Ireland has been included on the US Treasury Department's "monitored list" of countries for the first time.
The Treasury Department said countries on this list require close attention in relation to their "currency practices and macroeconomic policies".
The updated list also includes other European Union member states including Italy and Germany.
The Treasury has established several criteria for a country to be included on the list and Ireland now meets two of these criteria, including the size of our trade surplus with the US and our current account surplus.
Ireland ran a current account surplus amounting to 8.5% of GDP in 2017, above the Treasury's 2% threshold. The surplus in 2018 was 9.1% of GDP.
In a statement, the Finance Department said it has been well documented that the Irish current account is heavily distorted by factors such as "contract manufacturing" and the on-shoring of intellectual property assets.
The Finance Department also noted that Ireland has consistently run a goods trade surplus with the US.
Exports - mainly pharmaceucial products - from Ireland to the US amounted to €39 billion last year, while imports from the US amounted to €16 billion - mainly imports of aircraft by Irish-based aircraft leasing companies.
As a result, Ireland ran a merchandise trade surplus of €23 billion with the US in 2018.
The Minister for Finance and for Public Expenditure and Reform said that while Ireland runs a large goods trade surplus with the US, the country simultaneously run a large services trade deficit.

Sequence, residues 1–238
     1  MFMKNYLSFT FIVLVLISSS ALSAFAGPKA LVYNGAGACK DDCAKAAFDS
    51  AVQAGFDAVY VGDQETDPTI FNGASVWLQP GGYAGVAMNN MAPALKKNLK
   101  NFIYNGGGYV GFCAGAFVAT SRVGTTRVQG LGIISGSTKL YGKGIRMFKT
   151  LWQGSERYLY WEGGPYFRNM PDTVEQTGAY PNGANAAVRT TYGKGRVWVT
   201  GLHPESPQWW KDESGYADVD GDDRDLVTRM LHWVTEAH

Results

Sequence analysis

Paschal Donohoe said the latest data show a broadly balanced trade position when both goods and services are taken into account.
He also said the economy is deeply embedded in global supply chains as the Irish economy is a very open economy - this is especially evident in the country's trade with the US, where the two countries have integrated and complex supply chains.
"Ireland and the US have a mutually advantageous economic bilateral relationship which can be measured by US foreign direct investment into Ireland, and Irish investment in the US," Mr Donohoe said.
US-owned firms employ around 150,000 people in Ireland while Irish-owned firms employ around 100,000 people in the US.
The Minister said that US Commerce Department figures show that Ireland is the eighth largest source of foreign direct investment to the US with the top three sectors Software/ICT, Business Services and Food and Beverages.
The Finance Minister also said that the country's highly skilled, flexible workforce and its location between mainland Europe and the US have long made it an attractive proposition for American companies looking to establish a European presence.
He said that multinational companies locating in Ireland, including from the US, gain financial benefits which supports their worldwide operations.
"At the same time there are over 500 Irish owned companies exporting to US, around two-thirds of these having a full-time presence in the US, ranging from a single person sales office to manufacturing operations with thousands of employees," Mr Donohoe said.
Irish companies, therefore, make a sizeable contribution to the US economy, he added.